Pity the American office drone. This week we see our premature demise from multiple angles ...
Stand Up While You Read This! - Olivia Judson -
...It doesn’t matter if you go running every morning, or you’re a regular at the gym. If you spend most of the rest of the day sitting ... you are putting yourself at increased risk of obesity, diabetes, heart disease, a variety of cancers and an early death. In other words, irrespective of whether you exercise vigorously, sitting for long periods is bad for you...

... Several strands of evidence suggest that there’s a “physiology of inactivity”: that when you spend long periods sitting, your body actually does things that are bad for you....

... consider lipoprotein lipase. This is a molecule that plays a central role in how the body processes fats; it’s produced by many tissues, including muscles. Low levels of lipoprotein lipase are associated with a variety of health problems, including heart disease. Studies in rats show that leg muscles only produce this molecule when they are actively being flexed (for example, when the animal is standing up and ambling about). The implication is that when you sit, a crucial part of your metabolism slows down.
So you can't sit -- but you can't just stand all day either ...
How siestas help memory: Sleepy heads | The Economist
... It has already been established that those who siesta are less likely to die of heart disease. Now, Matthew Walker and his colleagues at the University of California, Berkeley, have found that they probably have better memory, too. A post-prandial snooze, Dr Walker has discovered, sets the brain up for learning....
... The ideal nap, then, follows a cycle of between 90 and 100 minutes. The first 30 minutes is a light sleep that helps improve motor performance. Then comes 30 minutes of stage 2 sleep, which refreshes the hippocampus. After this, between 60 and 90 minutes into the nap, comes rapid-eye-movement, or REM, sleep, during which dreaming happens. This, research suggests, is the time when the brain makes connections between the new memories that have just been “downloaded” from the hippocampus and those that already exist—thus making new experiences relevant in a wider context.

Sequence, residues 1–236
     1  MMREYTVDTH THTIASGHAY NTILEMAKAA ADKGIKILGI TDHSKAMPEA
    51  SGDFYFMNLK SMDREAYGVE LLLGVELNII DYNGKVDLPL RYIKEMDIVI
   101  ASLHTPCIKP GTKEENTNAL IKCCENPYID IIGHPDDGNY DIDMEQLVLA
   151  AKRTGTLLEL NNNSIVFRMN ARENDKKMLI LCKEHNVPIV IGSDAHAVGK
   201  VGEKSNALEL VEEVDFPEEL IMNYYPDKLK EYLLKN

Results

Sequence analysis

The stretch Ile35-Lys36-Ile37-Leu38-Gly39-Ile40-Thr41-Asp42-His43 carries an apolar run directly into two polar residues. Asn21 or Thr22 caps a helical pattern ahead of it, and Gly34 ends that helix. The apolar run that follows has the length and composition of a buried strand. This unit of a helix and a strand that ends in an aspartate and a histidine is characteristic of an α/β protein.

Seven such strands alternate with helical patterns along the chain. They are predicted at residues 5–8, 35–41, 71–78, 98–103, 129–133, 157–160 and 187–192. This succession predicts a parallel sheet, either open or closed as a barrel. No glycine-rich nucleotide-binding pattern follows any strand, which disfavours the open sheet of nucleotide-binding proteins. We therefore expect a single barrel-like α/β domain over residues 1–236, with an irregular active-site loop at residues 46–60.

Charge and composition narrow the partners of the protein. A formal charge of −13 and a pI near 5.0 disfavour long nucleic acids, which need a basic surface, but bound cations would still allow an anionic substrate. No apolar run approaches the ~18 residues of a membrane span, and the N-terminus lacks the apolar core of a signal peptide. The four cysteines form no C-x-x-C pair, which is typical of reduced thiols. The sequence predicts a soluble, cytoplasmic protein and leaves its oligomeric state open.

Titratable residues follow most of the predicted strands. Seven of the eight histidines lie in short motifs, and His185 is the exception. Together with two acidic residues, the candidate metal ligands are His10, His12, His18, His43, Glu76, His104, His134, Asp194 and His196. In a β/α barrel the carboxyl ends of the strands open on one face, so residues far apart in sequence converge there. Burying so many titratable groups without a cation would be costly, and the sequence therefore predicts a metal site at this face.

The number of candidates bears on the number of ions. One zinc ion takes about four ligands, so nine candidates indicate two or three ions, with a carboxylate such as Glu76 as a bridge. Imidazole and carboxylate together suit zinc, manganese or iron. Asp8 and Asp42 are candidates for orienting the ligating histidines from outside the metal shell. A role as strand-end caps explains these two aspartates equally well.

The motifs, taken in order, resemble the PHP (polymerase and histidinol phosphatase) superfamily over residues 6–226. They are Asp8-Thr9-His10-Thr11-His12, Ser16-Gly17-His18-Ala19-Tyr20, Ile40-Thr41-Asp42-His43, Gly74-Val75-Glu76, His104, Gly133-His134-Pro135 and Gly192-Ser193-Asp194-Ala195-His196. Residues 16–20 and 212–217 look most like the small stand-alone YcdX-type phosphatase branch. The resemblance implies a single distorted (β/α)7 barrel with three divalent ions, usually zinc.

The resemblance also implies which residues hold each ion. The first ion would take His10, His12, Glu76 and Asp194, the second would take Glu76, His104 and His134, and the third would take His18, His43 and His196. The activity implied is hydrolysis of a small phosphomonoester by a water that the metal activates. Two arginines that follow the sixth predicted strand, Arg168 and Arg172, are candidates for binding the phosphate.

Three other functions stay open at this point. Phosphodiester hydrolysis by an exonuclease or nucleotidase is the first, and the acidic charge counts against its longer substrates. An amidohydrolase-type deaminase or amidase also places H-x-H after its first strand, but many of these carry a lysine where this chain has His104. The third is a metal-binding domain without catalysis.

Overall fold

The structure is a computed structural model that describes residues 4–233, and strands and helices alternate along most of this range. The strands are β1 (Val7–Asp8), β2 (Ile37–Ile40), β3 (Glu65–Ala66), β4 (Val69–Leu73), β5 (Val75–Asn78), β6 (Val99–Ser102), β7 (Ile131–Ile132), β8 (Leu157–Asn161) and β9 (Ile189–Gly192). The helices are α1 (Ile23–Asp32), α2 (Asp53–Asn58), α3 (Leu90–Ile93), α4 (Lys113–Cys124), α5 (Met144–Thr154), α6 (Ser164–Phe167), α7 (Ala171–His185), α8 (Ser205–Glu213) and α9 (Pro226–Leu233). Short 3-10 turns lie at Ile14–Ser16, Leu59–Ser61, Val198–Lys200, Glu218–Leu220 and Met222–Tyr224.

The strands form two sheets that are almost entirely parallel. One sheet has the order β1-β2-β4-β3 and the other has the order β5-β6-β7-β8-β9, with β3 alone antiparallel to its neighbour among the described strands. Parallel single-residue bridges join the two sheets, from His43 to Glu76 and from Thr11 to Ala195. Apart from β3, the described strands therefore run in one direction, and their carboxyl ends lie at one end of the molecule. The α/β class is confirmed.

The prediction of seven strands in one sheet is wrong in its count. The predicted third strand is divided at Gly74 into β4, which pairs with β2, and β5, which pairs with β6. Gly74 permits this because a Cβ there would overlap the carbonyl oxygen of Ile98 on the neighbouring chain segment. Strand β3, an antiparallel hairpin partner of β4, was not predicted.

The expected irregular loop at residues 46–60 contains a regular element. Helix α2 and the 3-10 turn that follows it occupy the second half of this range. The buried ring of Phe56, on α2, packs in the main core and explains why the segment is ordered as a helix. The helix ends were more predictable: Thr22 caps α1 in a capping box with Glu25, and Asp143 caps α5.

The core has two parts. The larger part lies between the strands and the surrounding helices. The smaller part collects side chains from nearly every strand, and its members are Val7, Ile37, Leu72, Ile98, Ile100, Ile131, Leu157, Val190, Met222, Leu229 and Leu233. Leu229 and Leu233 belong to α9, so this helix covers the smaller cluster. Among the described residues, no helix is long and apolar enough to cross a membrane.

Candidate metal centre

The benefits to memory of a nap, says Dr Walker, are so great that they can equal an entire night’s sleep. He warns, however, that napping must not be done too late in the day or it will interfere with night-time sleep. Moreover, not everyone awakens refreshed from a siesta.

The grogginess that results from an unrefreshing siesta is termed “sleep inertia”. This happens when the brain is woken from a deep sleep with its cells still firing at a slow rhythm and its temperature and blood flow decreased. Sara Mednick, from the University of California, San Diego, suggests that non-habitual nappers suffer from this more often than those who siesta regularly. It may be that those who have a tendency to wake up groggy are choosing not to siesta in the first place. Perhaps, though, as in so many things, it is practice that makes perfect.
Wireless headsets mean we can do calls easily while standing, pacing, even doing some light weight lifting -- or perhaps while going for a walk (though not with an AT&T iPhone - the connection will drop). Siestas are tougher. There's much to be said for working remotely ...
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Fallows on the Nexus One - feel the fear Apple

James Fallows is a senior editor at the The Atlantic, and an adventurous man with a first rate mind. He's not a tech guy by profession, but at heart he's a geek.

I put a lot of weight on his incidental tech opinions, such as his review of the Nexus One.

Briefly - he likes it. A lot. He's abandoned his beloved BB like yesterday's fish.

Feel the fear Apple. Banning Google products from the iPhone was a cowardly and desperate move. You may yet regret infuriating your geek customers.

You know how to reach me Apple. I have suggestions.

Nikon and Canon. Apple and Google. Competition is good.

Wednesday, February 24, 2010

Canada v USA - bring it on

I couldn't watch the first USA v Canada game. But now ...
Team Canada brings down Russia (Montreal Gazette)

... At the Olympics, Canada hadn’t defeated the Russians in any form -- as Russia, the Soviet Union or United teams since 1960, that black-and-white TV era when Canada was represented by Harry Sinden and his fellow Kitchener-Waterloo Dutchmen. Canada’s overall Olympic record against Russia just improved to 2-9.

Yes, it’s been 50 years since Canada celebrated an Olympic win over this nation, and if that number rings a bell, it should. It was also 50 years between Olympic gold hockey medals when Canada won at Salt Lake City in 2002.
Canada next faces the winner of the Sweden-Slovakia game. The US beat Switzerland so they play the Czech-Finland winner.

At this point both the US and Canada are favored to win their next games.

If they do, we're set for one hell of a showdown.

Update 3/4/2010: It was all we could have hoped for. Fabulous game. Just fantastic.

The rise of software rental (aka software as service)